Sanford calls on Colbert Busch to return union donations

gsmith@islandpacket.comApril 10, 2013 

Mark Sanford wants his Democratic rival, Elizabeth Colbert Busch, to return $5,000 in donations from a union that unsuccessfully fought to keep plane-maker Boeing from coming to South Carolina.

Colbert Busch has refused, saying Sanford is making false attacks.

On Tuesday, both Sanford and Colbert Busch, who will face each other in a May 7 general election for the 1st Congressional District, applauded the $1 billion expansion at Boeing's North Charleston plant that will create about 2,000 new jobs over eight years.

They agreed on little else.

"You can't say you're for jobs and also for the union that took the rather unusual stand of going before the National Labor Relations Board to try to prevent Boeing from coming to South Carolina," Sanford said Wednesday. "She has taken $5,000 from the very union that brought the case before NLRB that would have prevented the (Boeing jobs) announcement we both commented on positively yesterday."

In 2011, the Machinists Union filed a complaint with the NLRB, claiming Boeing's plans to build a non-unionized plant in right-to-work South Carolina was retaliation for labor activities at the Washington state plant. Ultimately, the high-profile complaint was dropped.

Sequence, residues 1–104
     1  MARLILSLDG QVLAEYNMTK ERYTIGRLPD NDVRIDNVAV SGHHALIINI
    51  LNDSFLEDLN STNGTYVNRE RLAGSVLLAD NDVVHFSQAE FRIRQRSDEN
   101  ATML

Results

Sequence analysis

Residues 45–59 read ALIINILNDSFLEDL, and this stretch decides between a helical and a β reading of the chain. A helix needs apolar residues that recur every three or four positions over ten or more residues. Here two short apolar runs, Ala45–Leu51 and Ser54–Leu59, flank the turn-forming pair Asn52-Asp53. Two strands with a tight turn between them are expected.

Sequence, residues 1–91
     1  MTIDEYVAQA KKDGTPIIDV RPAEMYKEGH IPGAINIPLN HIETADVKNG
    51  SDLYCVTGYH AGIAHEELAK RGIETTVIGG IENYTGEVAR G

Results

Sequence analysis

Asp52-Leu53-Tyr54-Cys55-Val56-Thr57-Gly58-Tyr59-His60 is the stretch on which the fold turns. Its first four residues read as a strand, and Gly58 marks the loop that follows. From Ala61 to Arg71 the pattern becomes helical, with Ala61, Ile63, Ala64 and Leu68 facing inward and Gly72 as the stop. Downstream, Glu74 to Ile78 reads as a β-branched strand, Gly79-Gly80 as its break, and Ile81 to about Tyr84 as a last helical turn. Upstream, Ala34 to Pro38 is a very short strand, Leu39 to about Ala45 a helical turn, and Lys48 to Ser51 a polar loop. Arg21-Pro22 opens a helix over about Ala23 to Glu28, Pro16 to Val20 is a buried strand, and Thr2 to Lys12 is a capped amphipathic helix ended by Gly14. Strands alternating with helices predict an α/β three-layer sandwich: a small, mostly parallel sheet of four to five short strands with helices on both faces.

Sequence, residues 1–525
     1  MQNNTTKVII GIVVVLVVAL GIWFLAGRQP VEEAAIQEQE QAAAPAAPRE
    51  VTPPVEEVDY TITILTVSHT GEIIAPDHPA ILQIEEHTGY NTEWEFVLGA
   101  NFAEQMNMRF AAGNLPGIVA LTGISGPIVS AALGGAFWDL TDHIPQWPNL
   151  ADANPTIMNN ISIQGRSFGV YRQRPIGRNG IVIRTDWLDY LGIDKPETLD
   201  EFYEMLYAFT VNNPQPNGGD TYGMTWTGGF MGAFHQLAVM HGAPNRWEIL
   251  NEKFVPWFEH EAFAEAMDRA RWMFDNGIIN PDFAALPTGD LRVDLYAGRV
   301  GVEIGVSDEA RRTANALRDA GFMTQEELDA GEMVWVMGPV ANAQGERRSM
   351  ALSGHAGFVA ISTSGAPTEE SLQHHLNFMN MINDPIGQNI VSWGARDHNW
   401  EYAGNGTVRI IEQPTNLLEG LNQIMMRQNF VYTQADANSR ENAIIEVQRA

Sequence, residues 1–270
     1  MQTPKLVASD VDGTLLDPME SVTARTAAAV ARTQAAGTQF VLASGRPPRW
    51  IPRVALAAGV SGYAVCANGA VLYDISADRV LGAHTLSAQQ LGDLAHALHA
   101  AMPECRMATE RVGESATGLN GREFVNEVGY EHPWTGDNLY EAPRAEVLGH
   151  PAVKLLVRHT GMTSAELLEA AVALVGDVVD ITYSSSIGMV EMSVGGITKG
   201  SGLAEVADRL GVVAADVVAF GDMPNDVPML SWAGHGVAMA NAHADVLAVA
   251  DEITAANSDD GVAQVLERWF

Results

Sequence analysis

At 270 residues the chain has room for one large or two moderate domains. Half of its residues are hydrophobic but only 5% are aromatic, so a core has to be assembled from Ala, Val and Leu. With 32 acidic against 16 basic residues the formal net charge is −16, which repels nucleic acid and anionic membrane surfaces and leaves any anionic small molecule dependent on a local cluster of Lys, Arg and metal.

Colbert Busch responded to Sanford's comments by touting her business experience including work with Boeing.

"If there is anyone out there who believes that a board member of the Chamber of Commerce -- not to mention the chairwoman of the S.C. Maritime Association, chairwoman of the International Trade Conference and one of the Journal of Commerce's Top 20 Women in Transportation -- is in the pocket of big labor, I have some oceanfront property in Wyoming for you," Colbert Busch said in a statement. She added that in her job at Clemson University, she has worked with Boeing on research and development and with community leaders to "strengthen our workforce through science, technology, engineering and math education."

Both candidates support the $120 million in incentives the state is providing for upfront expansion costs.

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